means for recording the location of each node as a guide point; and
means for plotting electrical routing segments in accordance with the geometric solution.
3. A computer usable medium on which is embodied a set of programmed instructions that cause one or more processors to perform a sequence of steps, said steps comprising:
determining a global topological solution, said step of determining a global topological solution comprising the steps of;
generating a matrix graph and a ring graph;
initializing the matrix graph and ring graph;
graphing pre-routed electrical routing segments to corresponding nodes in the matrix graph and linking the corresponding nodes to neighboring nodes in the ring graph;
sequentially graphing un-routed electrical routing segments to corresponding nodes located in an innermost ring to outermost ring in the matrix graph and linking the corresponding nodes generated to neighboring nodes for each ring in the ring graph;
balancing the nodes within each ring of the ring graph after each graphing of electrical routing segments to corresponding nodes;
determining a geometric routing solution based on the global topological solution, said step of determining a geometric solution based on the global topological solution comprising the steps of;
determining whether an overload condition exists;
correcting overload conditions using techniques such as pin swapping and unused ball pad jumping;
recording the location of each node as a guide point; and
plotting electrical routing segments in accordance with the geometric solution.
4. A method of determining interconnect routing solution comprising the steps of:
determining a global topological solution;
determining a geometric routing solution based on the global topological solution; and
plotting electrical routing segments in accordance with the geometric solution.
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16. A system for determining interconnect routing solution comprising:
means for determining a global topological solution;
means for determining a geometric routing solution based on the global topological solution; and
means for plotting electrical routing segments in accordance with the geometric solution.
17. A computer usable medium on which is embodied a set of programmed instructions that cause one or more processors to perform a sequence of steps, said steps comprising:
determining a global topological solution;
determining a geometric routing solution based on the global topological solution; and
plotting electrical routing segments in accordance with the geometric solution.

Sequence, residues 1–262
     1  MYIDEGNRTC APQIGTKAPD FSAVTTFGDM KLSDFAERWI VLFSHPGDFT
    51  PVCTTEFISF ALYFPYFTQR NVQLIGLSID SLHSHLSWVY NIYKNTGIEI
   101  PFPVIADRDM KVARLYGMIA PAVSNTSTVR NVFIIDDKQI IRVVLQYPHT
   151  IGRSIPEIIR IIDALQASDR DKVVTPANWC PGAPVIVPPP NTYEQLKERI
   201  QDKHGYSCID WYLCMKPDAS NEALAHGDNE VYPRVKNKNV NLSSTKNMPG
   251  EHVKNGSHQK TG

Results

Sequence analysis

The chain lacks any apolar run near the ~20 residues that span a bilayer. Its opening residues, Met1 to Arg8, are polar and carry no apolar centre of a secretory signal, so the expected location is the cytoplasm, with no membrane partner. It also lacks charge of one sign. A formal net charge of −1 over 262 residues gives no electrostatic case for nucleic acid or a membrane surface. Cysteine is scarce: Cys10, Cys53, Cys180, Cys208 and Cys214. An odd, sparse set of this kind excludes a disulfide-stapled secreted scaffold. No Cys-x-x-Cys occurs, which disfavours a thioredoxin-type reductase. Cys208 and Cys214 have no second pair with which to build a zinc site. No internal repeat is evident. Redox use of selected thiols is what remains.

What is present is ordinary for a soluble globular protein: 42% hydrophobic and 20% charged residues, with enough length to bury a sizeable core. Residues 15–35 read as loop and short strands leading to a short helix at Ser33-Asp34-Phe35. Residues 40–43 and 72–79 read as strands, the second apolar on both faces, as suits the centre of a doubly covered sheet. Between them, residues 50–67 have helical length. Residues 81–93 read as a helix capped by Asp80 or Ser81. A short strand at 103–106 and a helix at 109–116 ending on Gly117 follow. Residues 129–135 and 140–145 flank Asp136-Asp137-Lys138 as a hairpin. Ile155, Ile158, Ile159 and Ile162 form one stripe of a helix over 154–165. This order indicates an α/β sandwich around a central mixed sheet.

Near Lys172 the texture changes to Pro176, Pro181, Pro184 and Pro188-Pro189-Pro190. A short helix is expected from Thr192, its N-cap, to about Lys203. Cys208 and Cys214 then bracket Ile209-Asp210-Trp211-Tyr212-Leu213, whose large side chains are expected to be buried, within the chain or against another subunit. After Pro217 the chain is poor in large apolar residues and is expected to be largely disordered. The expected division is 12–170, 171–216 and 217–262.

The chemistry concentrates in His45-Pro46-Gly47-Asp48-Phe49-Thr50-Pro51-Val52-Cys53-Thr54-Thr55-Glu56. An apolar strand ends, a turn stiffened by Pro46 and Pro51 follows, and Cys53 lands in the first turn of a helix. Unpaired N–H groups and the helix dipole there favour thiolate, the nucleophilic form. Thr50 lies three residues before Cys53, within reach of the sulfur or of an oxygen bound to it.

Description The invention relates to a system and method of determining an Integrated Circuit (IC) package interconnect routing. As designers strive to improve the capabilities of new ICs, minimization of circuit size continues to be an underlying goal. Recent developments in IC design have dramatically increased the power, speed, and capability of the IC. As the power, speed, and capability of ICs increase, the number of input output terminals that each IC is interconnected with has also increased. Normally, Integrated Circuits (ICs) are placed inside a “package” before they can be installed on a Printed Circuit Board (PCB). IC Package Interconnect is the process of designing the electrical tracks between the terminals on the IC die and the pads on the package. Using Electronic Design Automatic (EDA) tools, the human designer takes net data from the IC die and footprint data from the PCB package. The designer then uses this data to design the electrical tracks within the package to connect the IC die to the substrate. Once these connections are made a connection is made to the package pins. Only a few years ago, most packages had only a few dozen or at most a few hundred pads. The routing required to connect to these pads was not particularly difficult or time consuming. Modem Ball Grid Array (BGA) packages now routinely have hundreds or thousands of pads. Some have over ten thousand pads. A task that previously took a few hours can now take days or even weeks. Thus, an automated solution is needed. One approach is to use design tools which require a designer to manually determine each interconnect wire in an IC package. As the complexity of IC packages has increased, such a solution has obvious shortcomings. Another approach is to use design tools such as “Advanced IC Packaging”™ by Zuken™ include a packaging specific auto-router, traded under the name “Radial Router”™. These routers use all-angle auto routing with packaging-specific algorithms. They use a direct line-of-sight approach to solving the problems specific to BGA and CSP rather than traditional horizontal/vertical routing. Innoveda™ also has a package design solution, traded under the name “PowerBGA”™. This tool has an optional router, which they call the “BGA Route Wizard”. This product appears to be similar in design to the Zuken Radial Router. While these other approaches are suitable for simple designs, they have difficulty providing routing solutions for complex ICs. Therefore, it is highly desirable to provide an automated system and method to provide an optimal routing solution for highly complex IC packages. While automated IC package routing systems and methods exist, no automated system or method exists to provide routing to complex IC designs. In particular, no automated system or method exists to provide a routing solution for IC packages using large, multi-layer Ball Grid Array (BGA) designs. Therefore, it is desirable to provide a system and method of automated IC package routing for complex IC designs. One embodiment of the present invention utilizes Topological Global Routing to determine the optimal IC package routing solution. Embodiments of the present invention provide a system and method for automatically determining the optimal solution for IC Package Interconnect for large Ball Grid Array (BGA) designs. Topological Global Routing provides a mathematical abstraction of the problem that allows multiple optimizations to be performed prior to detailed routing. In the special case of IC Package Interconnect, the algorithms are able to find the optimal solution in less time than other methods can find an approximate solution. FIG. 1 illustrates an example of an IC package before it has been routed. FIG. 2 illustrates a magnified view of the boundaries and regions of the ball grid array used in BGA designs. FIG. 3 illustrates a matrix graph generated by embodiments of the present invention, wherein each ball pad is a node; in this particular example, the ring graph is identical to the matrix graph. FIG. 4 illustrates an initial topological solution generated by embodiments of the present invention. FIG. 5 illustrates a possible optimal solution generated by embodiments of the present invention. FIG. 6 illustrates a flow chart of the steps comprising the method of determining an Integrated Circuit (IC) package interconnect routing. FIG. 7 illustrates a system for determining an interconnect routing solution. Preferred embodiments will now be described, with reference as necessary to the accompanying drawings. FIG. 1 shows an example of an IC Package When routing the electrical tracks between bond pads FIG. 2 illustrates a magnified view of the IC package ball pads A preferred embodiment of the present invention determines the topological paths FIG. 6 illustrates a flow chart of the steps involved to create a global topological routing solution. In step Step Next in step The appropriate nodes are linked to its neighboring nodes The process is repeated for each remaining ring FIG. 4 illustrates a portion of the initial global topological routing solution. As shown in FIG. 4 electrical tracks Now an embodiment of the present invention will consider routing widths and required clearance distances. Now that the global topological solution has been determined, the system attempts to create a geometric solution. In step If any of the channels (denoted as regions If an embodiment of the present invention cannot find a proper geometric solution, it writes a detailed warning message in step Once there is sufficient space available to fit (at least theoretically) all the required etch tracks for electrical tracks Finally, in step FIG. 7 illustrates a system capable of performing the steps to determine an interconnect routing solution according to various embodiments of the present invention. In an embodiment of the invention, execution of the sequences of instructions required to practice the invention is performed by a single computer system A computer system Each computer system Alternatively, the communication link A computer system In an embodiment, the computer system A computer system A computer system A computer system According to one embodiment of the invention, an individual computer system The term “computer-usable medium,” as used herein, refers to any medium that provides information or is usable by the processor(s) Various forms of computer-usable media may be involved in providing one or more sequences of one or more instructions to the processor(s) In the foregoing specification, the invention has been described with reference to specific embodiments thereof. It will, however, be evident that various modifications and changes may be made thereto without departing from the broader spirit and scope of the invention. For example, the reader is to understand that the specific ordering and combination of process actions shown in the process flow diagrams described herein is merely illustrative, and the invention can be performed using different or additional process actions, or a different combination or ordering of process actions. The specification and drawings are, accordingly, to be regarded in an illustrative rather than restrictive sense. While preferred embodiments of the invention have been described herein, many variations are possible which remain within the concept and scope of the invention. Such variations would become clear to one skilled in the art upon perusal of the description of the embodiments set forth herein. Patent Citations